When running a business, an owner is not only going to meet challenges but also expenses. Business expenses for a radio station may be calculated differently than any other business, but that doesn’t mean that the funds can’t be allocated. From production to transmission, here are some costs to expect when running a radio station.
There are two types of costs you can expect: the start-up expenses and the recurring expenses.
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Startup expenses include engineering fees, studio equipment, and the application.
An application is needed for the first step of running a radio station. Obtaining licenses and important legal documents as well as checking the available frequency should be taken care of by the owner. However, if it takes too much trouble to do the work, it might be worth it to hire a pro.
An engineer can prepare your radio station set-up and find out the frequency to use. There are many professional engineers that focus on the broadcasting industry. It’s important to have your business run by someone with radio specific knowledge. They can install and transmit the equipment quickly because that is their expertise.
Another essential part of the business is the studio equipment. Depending on the scale of your radio station, studio equipment may take the biggest part of the total budget allocation. If you want to use new equipment that would of course be more expensive than finding second hand equipment that can be half the cost.
An Emergency Alert System must be purchased initially because it can monitor the airwaves for any emergency alerts. There are used EAS, but it is not a common item because no radio station replaces it. If you are short on the budget, you might want to purchase moderate grade studio equipment instead of aiming for the high quality that could cost a fortune. However, some low quality pieces of equipment don’t have good clarity.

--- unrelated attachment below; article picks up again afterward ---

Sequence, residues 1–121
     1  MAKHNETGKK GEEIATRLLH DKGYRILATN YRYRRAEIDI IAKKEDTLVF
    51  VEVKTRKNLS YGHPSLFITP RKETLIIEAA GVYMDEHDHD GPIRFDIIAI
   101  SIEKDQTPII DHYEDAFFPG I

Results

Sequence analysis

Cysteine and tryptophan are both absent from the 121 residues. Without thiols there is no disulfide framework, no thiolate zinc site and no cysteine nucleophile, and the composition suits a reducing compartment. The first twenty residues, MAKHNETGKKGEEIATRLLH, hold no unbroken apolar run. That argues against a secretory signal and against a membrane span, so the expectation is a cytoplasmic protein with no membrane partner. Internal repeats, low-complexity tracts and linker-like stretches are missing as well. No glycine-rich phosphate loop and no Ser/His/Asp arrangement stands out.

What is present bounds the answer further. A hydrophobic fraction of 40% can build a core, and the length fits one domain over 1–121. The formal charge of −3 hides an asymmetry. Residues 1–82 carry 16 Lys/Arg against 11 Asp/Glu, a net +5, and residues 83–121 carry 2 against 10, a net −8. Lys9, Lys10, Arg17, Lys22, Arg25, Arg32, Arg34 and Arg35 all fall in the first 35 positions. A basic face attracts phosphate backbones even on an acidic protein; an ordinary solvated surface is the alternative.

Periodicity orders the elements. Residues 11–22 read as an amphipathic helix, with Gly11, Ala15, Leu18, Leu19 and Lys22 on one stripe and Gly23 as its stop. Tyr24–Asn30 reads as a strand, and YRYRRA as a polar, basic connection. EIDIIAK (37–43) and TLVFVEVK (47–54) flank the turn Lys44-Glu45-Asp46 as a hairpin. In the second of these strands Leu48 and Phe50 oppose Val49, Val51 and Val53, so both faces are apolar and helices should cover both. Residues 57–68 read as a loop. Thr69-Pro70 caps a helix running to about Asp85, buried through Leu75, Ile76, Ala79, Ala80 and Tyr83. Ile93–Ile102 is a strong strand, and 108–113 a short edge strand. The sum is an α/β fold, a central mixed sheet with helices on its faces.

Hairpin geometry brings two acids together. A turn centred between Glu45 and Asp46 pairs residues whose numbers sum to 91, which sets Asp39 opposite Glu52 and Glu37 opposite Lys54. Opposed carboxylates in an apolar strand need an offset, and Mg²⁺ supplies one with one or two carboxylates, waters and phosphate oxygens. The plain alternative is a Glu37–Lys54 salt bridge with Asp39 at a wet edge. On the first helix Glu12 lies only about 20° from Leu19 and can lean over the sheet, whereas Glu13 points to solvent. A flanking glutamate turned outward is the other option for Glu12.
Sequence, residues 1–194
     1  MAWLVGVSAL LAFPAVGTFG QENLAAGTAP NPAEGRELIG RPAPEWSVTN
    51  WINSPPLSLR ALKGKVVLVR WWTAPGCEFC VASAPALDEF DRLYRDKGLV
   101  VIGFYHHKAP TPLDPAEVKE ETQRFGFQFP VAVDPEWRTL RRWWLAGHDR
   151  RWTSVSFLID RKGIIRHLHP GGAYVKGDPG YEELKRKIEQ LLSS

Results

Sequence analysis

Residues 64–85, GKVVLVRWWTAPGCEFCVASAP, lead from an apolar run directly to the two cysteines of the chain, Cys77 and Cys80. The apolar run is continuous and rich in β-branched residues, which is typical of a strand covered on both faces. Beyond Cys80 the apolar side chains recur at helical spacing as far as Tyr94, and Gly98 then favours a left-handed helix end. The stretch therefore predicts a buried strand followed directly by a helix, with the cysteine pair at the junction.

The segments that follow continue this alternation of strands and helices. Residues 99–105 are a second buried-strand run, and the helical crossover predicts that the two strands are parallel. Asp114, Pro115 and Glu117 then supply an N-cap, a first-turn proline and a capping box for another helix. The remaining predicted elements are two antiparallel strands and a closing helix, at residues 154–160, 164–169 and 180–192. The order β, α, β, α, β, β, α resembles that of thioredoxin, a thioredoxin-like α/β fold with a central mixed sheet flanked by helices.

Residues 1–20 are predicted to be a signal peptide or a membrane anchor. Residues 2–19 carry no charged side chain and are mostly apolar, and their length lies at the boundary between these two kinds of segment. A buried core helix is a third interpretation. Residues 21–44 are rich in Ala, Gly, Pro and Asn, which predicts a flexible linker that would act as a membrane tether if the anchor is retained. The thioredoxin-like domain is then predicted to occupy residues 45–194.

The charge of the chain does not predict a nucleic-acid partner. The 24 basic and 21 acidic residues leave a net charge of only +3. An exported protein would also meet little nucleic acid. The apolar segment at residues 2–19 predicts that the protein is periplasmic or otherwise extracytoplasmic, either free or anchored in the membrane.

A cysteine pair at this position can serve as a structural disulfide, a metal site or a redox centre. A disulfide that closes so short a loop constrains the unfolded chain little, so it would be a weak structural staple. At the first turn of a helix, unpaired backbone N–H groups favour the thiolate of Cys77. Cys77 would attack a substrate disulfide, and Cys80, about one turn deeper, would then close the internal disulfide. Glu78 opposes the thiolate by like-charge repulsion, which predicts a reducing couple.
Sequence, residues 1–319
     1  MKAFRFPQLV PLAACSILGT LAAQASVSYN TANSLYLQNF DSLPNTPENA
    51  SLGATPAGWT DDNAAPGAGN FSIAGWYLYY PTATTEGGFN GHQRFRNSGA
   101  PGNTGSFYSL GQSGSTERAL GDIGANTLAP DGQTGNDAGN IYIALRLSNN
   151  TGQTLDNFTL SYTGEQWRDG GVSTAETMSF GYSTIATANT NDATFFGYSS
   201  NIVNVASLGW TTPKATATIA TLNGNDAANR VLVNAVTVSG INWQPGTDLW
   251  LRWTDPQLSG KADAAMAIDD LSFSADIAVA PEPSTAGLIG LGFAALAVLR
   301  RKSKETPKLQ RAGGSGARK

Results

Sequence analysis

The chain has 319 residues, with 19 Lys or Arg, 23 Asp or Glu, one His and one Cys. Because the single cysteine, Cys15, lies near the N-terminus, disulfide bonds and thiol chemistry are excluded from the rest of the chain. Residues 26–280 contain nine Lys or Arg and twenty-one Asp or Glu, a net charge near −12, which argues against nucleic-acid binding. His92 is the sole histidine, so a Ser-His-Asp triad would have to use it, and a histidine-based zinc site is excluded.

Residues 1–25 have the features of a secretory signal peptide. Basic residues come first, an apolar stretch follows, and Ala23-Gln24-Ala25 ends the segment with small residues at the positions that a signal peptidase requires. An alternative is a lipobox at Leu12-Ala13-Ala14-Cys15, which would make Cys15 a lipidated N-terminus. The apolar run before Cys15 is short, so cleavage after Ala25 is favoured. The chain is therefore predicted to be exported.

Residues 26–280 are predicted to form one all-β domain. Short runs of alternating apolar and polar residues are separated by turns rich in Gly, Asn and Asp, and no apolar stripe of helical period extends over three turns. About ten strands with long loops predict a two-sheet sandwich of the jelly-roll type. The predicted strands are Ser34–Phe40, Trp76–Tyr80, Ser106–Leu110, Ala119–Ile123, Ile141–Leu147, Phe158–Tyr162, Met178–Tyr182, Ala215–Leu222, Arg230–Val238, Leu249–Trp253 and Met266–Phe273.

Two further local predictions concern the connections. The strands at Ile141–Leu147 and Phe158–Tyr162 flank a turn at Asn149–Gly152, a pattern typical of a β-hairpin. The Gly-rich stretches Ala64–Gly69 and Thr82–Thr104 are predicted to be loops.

Something else to consider having is a second production studio that can record materials. It may not be necessary, but if you want to have better materials while the other talents are doing live broadcast, then the secondary studio is surely needed.
Antenna, transmitter, and other equipment that can make transmission smoother – this can cost up to $12,000 depending on the type you choose. Air broadcast utilizes transmission equipment as part of the necessary tools.
Recurring expenses include the staff and the utility costs
Rent and Utilities
If buying a space costs too much, renting is another great alternative. A dedicated transmitter may be needed in case your rooftop has no space for the antenna. The transmitter and all of the equipment also need electricity to power them up. Also, phone and internet connections are necessary.
Whether it is the radio talent or the administrative staff, you need to allocate the money for the payments. It is part of an operating budget to keep the office running smoothly according to your company philosophy.